However, playing demos of amazing new games is not the only attraction at this event. Attendees can also spend time in a theater, where epic trailers and gameplay footage of different projects can be viewed on a large screen. Some of the titles shown in the theater are available for play, but not all. Furthermore, the E3 Coliseum takes place in a separate building a couple blocks away from the Convention Center. The events here are a spectacle in their own right. Panels featuring developers, voice and film actors (i.e. JacColiseumk Black), producers, and even WWE superstars (i.e. Big Show) take place at the Coliseum. These panels discuss an abundance of topics, from the latest information regarding upcoming AAA video game titles (Assassin’s Creed: Origins) to the ins and outs of crafting a riveting tale in video games in general. Seats fill up quickly, and only a handful of media personnel are allowed inside during the panels to prevent overcrowding. Luckily, most of the important reveals, such as trailers or game details, are rapidly reported by the journalists for all those unable to attend.

Additionally, two more events took place across the street from the Convention Center. The first was put on by Sony and, this year, the tents featured MLB: The Show 17, which released on March 28, 2017. The second was the Devolver Indie Picnic, featuring food and drinks for media personnel who made appointments to preview some independent titles, such as Milanoir and Outreach. While these events were small, they were no less interesting and offered an escape from the clustered crowds inside the center by providing some open space and fresh air.

However, the main showroom, the Coliseum, and the picnics outside are just a few of the attractions brought to the annual convention. On top of the aforementioned spectacles, Concourse Hall offers exclusive previews for media personnel, if a given reporter has an appointment with any of the companies featured within. Two games available for preview in the hall at 2017’s E3 were Kingdom Come: Deliverance by Warhorse Studios and Mount & Blade II: Bannerlord by TaleWorlds Entertainment, both of which will be previewed on OnlySP at a later date.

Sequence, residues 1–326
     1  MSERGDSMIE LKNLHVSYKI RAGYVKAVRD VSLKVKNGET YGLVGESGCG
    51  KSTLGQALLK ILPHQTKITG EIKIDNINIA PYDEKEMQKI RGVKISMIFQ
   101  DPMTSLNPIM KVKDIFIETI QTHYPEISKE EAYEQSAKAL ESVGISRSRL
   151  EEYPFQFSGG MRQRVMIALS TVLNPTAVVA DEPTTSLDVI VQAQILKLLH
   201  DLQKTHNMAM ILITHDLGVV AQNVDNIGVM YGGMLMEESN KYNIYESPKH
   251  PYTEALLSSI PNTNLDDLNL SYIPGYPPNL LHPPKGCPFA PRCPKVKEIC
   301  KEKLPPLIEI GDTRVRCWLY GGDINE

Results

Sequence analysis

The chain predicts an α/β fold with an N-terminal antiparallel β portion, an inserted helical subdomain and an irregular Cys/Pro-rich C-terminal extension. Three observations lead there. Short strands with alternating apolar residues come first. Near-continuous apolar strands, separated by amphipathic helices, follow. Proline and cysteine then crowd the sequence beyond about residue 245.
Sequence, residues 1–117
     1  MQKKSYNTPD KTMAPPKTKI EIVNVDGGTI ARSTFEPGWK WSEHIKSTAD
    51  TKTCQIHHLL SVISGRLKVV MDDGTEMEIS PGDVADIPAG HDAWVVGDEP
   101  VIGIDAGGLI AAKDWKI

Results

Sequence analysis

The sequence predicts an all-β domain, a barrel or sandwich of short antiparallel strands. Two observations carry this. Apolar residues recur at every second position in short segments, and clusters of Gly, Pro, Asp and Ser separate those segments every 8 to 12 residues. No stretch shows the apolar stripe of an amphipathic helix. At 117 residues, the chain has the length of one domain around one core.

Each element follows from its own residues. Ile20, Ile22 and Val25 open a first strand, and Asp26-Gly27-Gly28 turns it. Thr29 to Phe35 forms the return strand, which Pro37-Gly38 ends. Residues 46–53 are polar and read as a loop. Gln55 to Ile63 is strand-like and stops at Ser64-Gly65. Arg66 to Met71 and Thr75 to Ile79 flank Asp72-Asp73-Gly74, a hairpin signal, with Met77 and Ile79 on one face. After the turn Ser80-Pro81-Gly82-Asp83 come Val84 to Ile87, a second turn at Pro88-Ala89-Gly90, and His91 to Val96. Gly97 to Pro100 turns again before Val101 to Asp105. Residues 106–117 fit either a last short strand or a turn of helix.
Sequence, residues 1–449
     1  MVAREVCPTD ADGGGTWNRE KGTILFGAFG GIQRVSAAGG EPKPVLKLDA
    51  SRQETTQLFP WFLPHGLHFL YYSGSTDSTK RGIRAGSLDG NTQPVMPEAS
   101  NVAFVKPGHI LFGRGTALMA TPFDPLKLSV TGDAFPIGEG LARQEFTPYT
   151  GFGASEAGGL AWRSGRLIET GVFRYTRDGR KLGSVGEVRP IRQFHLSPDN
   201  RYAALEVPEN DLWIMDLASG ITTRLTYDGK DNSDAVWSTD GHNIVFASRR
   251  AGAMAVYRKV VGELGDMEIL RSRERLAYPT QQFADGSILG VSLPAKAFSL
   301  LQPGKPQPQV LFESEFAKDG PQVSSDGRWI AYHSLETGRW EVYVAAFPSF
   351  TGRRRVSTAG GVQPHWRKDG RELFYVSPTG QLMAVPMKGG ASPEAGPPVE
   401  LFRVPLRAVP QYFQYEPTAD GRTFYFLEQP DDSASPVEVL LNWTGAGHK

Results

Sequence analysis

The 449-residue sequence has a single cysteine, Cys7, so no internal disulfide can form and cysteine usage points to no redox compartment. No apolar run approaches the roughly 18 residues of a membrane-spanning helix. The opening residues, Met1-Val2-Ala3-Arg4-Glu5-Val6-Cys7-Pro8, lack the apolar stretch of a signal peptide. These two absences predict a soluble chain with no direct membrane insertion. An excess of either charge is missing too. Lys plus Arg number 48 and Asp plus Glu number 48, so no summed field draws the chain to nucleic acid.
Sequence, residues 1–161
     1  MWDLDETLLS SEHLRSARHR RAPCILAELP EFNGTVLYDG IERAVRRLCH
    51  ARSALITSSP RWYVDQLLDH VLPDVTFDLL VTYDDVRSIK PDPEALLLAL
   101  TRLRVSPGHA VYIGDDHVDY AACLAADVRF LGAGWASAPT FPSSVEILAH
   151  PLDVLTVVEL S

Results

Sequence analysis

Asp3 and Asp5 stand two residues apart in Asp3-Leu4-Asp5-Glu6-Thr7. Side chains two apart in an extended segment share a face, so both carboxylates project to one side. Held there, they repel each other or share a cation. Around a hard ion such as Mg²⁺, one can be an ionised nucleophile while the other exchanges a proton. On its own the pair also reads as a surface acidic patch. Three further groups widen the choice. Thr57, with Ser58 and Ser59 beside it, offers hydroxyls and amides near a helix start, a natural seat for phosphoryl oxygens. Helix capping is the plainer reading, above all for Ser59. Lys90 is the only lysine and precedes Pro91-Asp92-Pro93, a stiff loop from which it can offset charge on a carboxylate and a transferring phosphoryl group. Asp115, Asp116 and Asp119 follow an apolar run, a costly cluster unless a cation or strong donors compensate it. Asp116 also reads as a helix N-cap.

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With all the craziness associated with the event, both media personnel and attendees inevitably find themselves getting hungry and thirsty. Fortunately, food is available inside the center. Items available for consumption include personal pizzas, salads, cheeseburgers, fries, chicken tenders, and a few other quick-and-easy dishes to satiate one’s rumbling stomach. If none of those items interest a given person, more vendors are located outside, but few, if any, of them are associated with E3 and most tend to be more expensive and have less variety (mostly hot dogs and bratwursts). However, the event takes place in downtown LA, and a multitude of restaurants from different cultures and cuisines can be found throughout the city.

E3 is both a vacation and workload for everyone, especially developers and media personnel. Spending three thrilling days covering all the new information and updating fans takes its toll, especially when rushing back-and-forth between appointments and spending a wealth of time on the main floor. Stressful as those days can be, little compares to being in a gamer haven, making new contacts and meeting people who can become lifetime gaming friends. Moreover, the sheer size of the event is enough to overwhelm first timers. Regardless, with helpful staff and friendly attendees who are willing to share their experience with friends both old and new, first timers are welcomed with open arms and given all the help and advice they need for traversing the annual, colossal gaming convention.

A magical time of year, E3 is a convention that many people only hear about. No amount of hype, hearsay, or virtual viewing can fully prepare someone for the adventure. Once inside, taking a moment to get one’s bearings will behoove anyone. Before deciding what to do and where to go, take a few minutes to explore and learn the center’s layout. Knowing where everything is will make life easier in the long run. With three days to cover more than just the highlights, time is an ally, but can easily become a double-edged sword when feeling lost and full of wanderlust. Both hectic and rewarding, E3 is an impactful experience and a blast for any gamer looking for a place where they belong, even if traveling alone.

Dylan Warman